I saw Racetrack Valley minutes later. The main feature, besides the very large dry lake bed, was an island of rocks near the north end. This is what was referred to as The Grandstand. Oddly, I’d never seen any photos of it and it was a heck of a lot more interesting to me than a few moving rocks. It was obviously volcanic in nature — the whole north end of the park shows a lot of evidence of volcanic activity — and wasn’t very large. It reminded me a little of Wizard Island at Crater Lake.

The Grandstand
The Grandstand looks like an island in the middle of the dry lake bed.

Melted Shock
When I break something, I break it for keeps.

We reached a very small parking area with an interpretive sign just abeam the Grandstand. I parked the truck. Again that smell. What was leaking? I walked around the truck, now looking into the wheel wells. That’s when I saw that one of my front shocks was stripped bare of its protective cover and the other was leaking like a sieve.

Great. Well, I guess that would explain why I felt like I had whiplash.

There was nothing I could do about it, so I got a few things together and walked out onto the dry lake bed with my camera. But before I tell you more about my visit, I need to take a break and get something off my chest.

A Word about National Parks and Vandalism

National Parks are among America’s greatest treasures. They set aside special land to showcase some of the most amazing things that can be found in our country: geology, topography, history, wildlife, etc. They are managed by Federal employees who work hard to protect not only the parks and the wonders inside them, but the people who visit those parks. Anyone who tells you otherwise is, quite simply, an uninformed/misinformed idiot.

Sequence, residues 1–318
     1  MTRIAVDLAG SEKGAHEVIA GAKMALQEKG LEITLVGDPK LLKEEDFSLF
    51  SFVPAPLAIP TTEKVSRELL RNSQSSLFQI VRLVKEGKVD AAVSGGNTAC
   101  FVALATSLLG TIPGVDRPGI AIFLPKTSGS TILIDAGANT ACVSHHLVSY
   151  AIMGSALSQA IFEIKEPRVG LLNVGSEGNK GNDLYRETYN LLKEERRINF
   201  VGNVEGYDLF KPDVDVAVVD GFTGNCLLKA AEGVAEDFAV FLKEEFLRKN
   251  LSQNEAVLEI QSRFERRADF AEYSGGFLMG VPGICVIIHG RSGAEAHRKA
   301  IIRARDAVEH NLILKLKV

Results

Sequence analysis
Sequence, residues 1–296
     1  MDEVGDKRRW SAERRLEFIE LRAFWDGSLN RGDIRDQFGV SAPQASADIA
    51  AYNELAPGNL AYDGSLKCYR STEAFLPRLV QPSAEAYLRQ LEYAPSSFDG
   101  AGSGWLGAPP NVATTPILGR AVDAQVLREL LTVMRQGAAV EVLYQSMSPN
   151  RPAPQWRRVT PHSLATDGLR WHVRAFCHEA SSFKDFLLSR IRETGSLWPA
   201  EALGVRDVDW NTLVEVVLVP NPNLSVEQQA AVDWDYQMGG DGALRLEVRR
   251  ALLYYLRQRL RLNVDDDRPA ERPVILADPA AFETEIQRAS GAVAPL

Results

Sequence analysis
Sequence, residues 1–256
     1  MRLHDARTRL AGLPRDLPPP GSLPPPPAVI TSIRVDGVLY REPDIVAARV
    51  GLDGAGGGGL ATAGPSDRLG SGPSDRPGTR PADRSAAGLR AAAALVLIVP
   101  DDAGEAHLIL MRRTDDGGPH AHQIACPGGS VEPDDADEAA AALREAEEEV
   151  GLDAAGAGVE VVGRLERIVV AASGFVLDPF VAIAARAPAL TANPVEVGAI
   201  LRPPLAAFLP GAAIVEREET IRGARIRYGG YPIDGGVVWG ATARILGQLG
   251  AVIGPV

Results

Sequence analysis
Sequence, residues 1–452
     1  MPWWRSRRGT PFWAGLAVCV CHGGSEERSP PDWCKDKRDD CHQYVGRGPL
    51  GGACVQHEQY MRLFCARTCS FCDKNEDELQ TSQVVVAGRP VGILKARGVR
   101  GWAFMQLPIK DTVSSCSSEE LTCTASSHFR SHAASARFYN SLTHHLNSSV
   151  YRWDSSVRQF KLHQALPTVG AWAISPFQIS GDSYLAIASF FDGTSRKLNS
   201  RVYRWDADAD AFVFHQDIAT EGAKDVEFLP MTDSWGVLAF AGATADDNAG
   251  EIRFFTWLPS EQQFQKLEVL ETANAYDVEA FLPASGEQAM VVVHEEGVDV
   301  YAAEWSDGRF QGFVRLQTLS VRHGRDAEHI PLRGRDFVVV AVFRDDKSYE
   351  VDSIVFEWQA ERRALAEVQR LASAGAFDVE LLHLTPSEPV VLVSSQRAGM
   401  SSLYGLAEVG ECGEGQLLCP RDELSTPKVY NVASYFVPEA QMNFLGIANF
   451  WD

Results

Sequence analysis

Every park has rules. Unfortunately, they’re necessary. For some reason, people think it’s okay to litter, or let their dogs shit on trails, or carve their initials into the rock beside petroglyphs 1000 years old. Most of the rules in a park protect the park, although a few also protect the people who visit.

One rule in Death Valley is that off-road travel is prohibited. This is pretty simple stuff: if it isn’t a road, you shouldn’t drive on it. If you’re not sure whether something is a road, it probably isn’t so you shouldn’t drive on it. If something was a road once and isn’t a road anymore, the Park Service has very considerately placed signs letting you know that it is not a road and you shouldn’t drive on it.

This rule protects the fragile desert, its plants, and even its rocks from the affects of a 2000-pound (or more) vehicle’s four tires as they make contact on the ground.

The Racetrack is one of the places where the staff at Death Valley National Park has placed signs making it pretty clear that you shouldn’t be driving anywhere off the road. A dry lake bed is not a road. It doesn’t even look like a road. If you think it’s a road, you probably should not be driving anywhere, let alone in a remote area of a National Park.

I had been warned by a friend who truly loves Death Valley that the Racetrack had been vandalized by some — pardon my language — fucking inconsiderate moron driving a vehicle on it, likely when it was either wet or damp from a rain. Tire tracks now criss-cross the dry lake bed, in some places deeply embedded into the surface. It rains very seldom in Death Valley, but it had rained earlier in the week. Still, the tire tracks remained in the otherwise pristine surface. It could take decades for them to disappear.

That means that the Racetrack’s otherwise pristine desert playa environment has been destroyed, possibly for generations of visitors.

Vandalism at the Racetrack
I took photos to document the tire tracks. I want everyone to see how this area was ruined by a vandal who thought it was fun to drive around where signs clearly told him not to.

Thank you, selfish asshole fuck-head.

A sign where I parked also asked visitors not to walk on the surface of the playa when it was wet. Well, some asshole had done that, too. Fortunately, he was either a lazy son of a bitch who didn’t walk very far or his brain belatedly connected with his feet and he realized he was leaving somewhat permanent footprints. The surface was dry when I visited, but the footprints remained.